Spring Heats Up for Plants, Animals, and Staff

Top Photo: Tent caterpillar hustling across path.

The caterpillar pictured above has made it’s way down out of its secure, communal silken tent in a nearby cherry tree. It’s in search of an even more secure location to pupate, under siding, tree bark, crevice or other hidden location. By late spring to summer it will become an adult moth and deposit eggs on a twig of another cherry tree, or perhaps the very same tree it crawled out of.

Note the caterpillars under the cover of silk “tent.”

Tiny caterpillars will hatch in a few weeks from laying but remain in the egg mass as first instar caterpillars through winter until the following spring when the tree leafs-out. The cycle now begins anew, build a silken tent in which to rest and grow, venture out only to eat the tree’s leaves and ultimately crawl off to pupate under siding, tree bark, crevice, or other similar location…

Eastern tent caterpillar making haste across path.

Red buckeye is in full bloom.

Red buckeye in full glory.

What left the tracks across the surface of a small retention pond in Explore the Wild?

Tracks in algae.

Common baskettails are flying. These odes only fly during spring.

Male common baskettail.

Foam flower is blooming at the reflective, contemplative Wander Away in Catch the Wind.

Foam flower.
Closer look at flowers.

Virginia bluebells too, are in flower at Wander Away.

Virginia bluebells.

Pawpaw is now flowering. Its brownish, maroon, or burgundy flowers start out as green, darkening as they mature.

Pawpaw flowers start as green.
Darken to burgundy.
Pawpaw blossoms.

A buprestid beetle was seen clinging to the windshield of the Ranger golf cart. It belongs to a group of beetles know as metallic wood-boring beetles. Most metallic wood-borers are rather colorful with glossy iridescence. This one lacks the color but is distinctive in pattern. April is the time to look for the adults of this specific beetle. The larvae remain boring through and feeding inside trees for two or three years.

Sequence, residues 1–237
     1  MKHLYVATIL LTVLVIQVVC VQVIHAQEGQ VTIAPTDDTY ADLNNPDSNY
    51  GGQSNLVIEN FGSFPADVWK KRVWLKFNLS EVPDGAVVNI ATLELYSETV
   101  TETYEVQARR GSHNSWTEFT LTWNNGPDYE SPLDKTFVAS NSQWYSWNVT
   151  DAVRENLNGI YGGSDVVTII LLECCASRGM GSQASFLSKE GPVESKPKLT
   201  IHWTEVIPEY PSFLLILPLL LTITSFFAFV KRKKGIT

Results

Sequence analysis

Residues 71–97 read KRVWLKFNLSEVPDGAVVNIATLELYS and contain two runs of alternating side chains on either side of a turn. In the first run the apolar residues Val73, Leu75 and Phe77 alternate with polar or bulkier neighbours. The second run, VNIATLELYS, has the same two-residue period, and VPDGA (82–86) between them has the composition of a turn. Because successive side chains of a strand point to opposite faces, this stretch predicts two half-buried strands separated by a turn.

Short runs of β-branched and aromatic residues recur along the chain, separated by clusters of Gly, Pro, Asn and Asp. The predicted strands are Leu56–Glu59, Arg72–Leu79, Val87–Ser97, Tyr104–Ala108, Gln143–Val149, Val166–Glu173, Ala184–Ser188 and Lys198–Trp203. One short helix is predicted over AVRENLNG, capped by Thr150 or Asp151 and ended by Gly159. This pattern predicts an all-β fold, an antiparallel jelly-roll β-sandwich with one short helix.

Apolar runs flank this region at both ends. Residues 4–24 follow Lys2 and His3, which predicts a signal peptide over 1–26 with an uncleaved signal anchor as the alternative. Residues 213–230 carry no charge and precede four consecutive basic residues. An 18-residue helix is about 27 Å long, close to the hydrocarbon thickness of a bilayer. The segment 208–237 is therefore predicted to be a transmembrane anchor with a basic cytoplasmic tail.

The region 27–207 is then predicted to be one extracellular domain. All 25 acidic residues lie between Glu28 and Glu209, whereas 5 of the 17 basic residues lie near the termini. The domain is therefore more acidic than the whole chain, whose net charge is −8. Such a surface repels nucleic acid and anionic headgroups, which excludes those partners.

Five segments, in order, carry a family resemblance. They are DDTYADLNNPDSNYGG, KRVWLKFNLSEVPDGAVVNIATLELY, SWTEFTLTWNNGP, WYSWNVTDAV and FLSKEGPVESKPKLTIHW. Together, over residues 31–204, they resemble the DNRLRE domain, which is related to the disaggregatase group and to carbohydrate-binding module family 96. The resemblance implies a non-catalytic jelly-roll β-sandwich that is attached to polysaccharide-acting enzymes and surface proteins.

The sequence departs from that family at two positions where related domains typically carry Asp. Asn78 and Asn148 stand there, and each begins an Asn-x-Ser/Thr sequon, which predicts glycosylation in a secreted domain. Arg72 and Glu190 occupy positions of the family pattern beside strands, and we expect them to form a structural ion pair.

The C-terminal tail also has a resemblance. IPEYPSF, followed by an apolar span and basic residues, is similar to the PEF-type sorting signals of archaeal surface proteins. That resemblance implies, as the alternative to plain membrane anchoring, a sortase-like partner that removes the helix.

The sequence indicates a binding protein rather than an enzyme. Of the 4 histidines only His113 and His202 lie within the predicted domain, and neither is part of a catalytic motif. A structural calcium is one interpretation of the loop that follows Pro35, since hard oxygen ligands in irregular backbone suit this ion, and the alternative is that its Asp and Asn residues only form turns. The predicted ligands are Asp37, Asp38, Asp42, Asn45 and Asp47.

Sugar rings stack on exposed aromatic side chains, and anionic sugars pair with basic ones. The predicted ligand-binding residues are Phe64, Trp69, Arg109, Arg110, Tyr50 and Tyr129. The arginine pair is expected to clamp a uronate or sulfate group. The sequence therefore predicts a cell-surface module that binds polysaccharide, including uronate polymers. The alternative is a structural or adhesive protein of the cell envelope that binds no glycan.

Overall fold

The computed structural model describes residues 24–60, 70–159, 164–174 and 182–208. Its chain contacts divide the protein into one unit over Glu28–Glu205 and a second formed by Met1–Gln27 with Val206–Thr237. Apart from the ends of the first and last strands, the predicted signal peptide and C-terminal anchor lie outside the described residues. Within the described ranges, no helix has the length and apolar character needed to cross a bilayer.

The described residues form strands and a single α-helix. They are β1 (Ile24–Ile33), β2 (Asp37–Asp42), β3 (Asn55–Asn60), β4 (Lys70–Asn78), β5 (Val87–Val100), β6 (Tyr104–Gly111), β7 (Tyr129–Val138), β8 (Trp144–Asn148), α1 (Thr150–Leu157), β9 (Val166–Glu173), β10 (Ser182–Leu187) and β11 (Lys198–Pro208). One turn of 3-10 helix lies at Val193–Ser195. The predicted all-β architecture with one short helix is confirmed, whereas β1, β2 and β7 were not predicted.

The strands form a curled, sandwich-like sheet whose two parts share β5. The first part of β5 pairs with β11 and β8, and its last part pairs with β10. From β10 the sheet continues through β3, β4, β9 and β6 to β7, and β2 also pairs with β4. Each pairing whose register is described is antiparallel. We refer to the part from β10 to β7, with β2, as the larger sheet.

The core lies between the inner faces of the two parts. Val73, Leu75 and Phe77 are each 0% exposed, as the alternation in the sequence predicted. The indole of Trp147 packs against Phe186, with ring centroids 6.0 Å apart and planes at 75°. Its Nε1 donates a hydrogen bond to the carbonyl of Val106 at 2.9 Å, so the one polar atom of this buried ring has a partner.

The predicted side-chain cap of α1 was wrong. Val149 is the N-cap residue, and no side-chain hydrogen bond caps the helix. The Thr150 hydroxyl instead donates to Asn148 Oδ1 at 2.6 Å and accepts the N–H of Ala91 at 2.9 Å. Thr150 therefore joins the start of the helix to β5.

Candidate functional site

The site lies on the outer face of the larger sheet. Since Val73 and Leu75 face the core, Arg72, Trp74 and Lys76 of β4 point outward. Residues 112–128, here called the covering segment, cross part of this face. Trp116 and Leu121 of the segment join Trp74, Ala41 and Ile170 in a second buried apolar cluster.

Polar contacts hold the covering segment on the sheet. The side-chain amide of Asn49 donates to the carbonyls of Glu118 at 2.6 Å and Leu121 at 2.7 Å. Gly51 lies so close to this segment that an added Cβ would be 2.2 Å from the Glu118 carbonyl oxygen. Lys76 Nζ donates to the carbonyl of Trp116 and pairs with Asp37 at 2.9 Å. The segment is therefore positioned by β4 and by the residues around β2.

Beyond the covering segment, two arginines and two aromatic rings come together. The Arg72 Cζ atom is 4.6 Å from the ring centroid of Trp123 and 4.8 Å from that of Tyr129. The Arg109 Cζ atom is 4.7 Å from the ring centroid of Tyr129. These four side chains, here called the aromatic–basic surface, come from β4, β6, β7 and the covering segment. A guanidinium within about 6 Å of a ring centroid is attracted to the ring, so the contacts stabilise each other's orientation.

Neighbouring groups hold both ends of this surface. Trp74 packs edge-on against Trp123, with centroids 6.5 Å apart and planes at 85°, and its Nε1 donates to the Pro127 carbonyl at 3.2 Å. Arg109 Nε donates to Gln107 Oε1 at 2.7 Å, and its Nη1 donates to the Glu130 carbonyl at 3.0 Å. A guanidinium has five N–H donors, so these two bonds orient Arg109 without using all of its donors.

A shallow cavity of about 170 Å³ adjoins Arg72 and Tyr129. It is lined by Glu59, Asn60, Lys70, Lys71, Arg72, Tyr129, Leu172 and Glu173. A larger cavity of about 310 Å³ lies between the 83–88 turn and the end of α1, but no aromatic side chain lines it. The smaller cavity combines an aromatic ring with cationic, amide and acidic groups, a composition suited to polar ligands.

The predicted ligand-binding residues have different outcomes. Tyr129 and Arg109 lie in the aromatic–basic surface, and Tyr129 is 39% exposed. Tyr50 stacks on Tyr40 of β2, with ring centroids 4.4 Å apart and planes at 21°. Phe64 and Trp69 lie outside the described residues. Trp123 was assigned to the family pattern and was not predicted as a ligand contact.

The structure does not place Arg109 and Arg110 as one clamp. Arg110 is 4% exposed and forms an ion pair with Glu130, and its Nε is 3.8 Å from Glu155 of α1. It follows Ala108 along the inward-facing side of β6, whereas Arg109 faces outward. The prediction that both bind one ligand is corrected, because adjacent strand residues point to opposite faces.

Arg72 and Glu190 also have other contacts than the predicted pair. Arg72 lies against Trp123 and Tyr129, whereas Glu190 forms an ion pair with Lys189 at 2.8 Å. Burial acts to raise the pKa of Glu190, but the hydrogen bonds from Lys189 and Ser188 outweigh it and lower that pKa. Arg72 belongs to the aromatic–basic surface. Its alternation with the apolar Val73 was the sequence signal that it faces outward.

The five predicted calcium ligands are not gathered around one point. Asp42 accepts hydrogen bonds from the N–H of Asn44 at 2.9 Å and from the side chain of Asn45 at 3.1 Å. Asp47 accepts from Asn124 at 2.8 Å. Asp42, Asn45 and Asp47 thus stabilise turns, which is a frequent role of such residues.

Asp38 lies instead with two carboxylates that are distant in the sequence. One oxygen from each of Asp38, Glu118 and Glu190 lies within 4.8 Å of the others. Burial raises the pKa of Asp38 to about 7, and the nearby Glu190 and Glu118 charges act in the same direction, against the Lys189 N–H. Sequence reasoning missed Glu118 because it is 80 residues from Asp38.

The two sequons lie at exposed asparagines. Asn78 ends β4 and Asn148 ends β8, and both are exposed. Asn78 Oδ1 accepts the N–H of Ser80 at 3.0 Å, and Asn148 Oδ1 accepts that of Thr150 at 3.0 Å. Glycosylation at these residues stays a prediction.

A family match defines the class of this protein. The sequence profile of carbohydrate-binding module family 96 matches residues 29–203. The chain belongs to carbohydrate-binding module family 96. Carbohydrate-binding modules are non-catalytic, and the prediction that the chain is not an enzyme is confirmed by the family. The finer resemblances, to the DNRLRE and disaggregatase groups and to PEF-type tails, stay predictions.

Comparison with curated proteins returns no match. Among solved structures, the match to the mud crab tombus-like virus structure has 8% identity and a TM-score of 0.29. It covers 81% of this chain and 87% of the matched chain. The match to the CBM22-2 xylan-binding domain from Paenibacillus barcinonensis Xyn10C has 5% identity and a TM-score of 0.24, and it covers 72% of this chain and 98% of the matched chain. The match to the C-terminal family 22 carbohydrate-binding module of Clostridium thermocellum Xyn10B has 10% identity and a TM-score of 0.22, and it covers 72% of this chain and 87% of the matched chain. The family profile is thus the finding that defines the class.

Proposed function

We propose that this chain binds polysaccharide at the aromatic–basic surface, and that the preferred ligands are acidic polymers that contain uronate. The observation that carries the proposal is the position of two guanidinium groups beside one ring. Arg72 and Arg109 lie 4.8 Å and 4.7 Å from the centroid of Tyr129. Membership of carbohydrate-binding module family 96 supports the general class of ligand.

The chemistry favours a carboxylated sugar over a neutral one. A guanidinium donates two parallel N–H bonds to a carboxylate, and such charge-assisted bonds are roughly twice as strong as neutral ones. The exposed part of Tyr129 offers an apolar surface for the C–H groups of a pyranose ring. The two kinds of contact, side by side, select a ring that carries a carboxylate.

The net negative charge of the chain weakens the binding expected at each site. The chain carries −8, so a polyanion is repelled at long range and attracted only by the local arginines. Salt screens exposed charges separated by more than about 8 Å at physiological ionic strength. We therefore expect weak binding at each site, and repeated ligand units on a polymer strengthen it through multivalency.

I call this beetle Virginia pine borer. It’s also know as southern pine beetle, sculptured pine borer…and in Latin, Chalcophora virginiensis.

Virginia pine borer.

Green anoles are feeling the seasonal urge and have begun to display to both attract potential mates and discourage male rivals.

Green anole with peeling snout.
A display for all concerned parties.

You never know what or who you’ll see on the outdoor loop. I happened to come across Graphic Designers, Jennifer and Savannah while I walked by the Farm Yard.

Jennifer (left) and Savannah.

You can pretty much count on running into one of the museum’s rangers while hiking the loop.

Ranger Becca patrols Catch the Wind.

And on the Dinosaur Trail.

Ciara pauses to say hello while prepping for the Dino Egg Hunt.

Finally, there were a handful of green treefrogs hanging out on the grass stems in front of Into the Mist. These frogs all seemed to be from last year’s crop of tree frogs, about half or smaller than adult size.

One of half a dozen or more green treefrogs outside Into the Mist.

See you out there.

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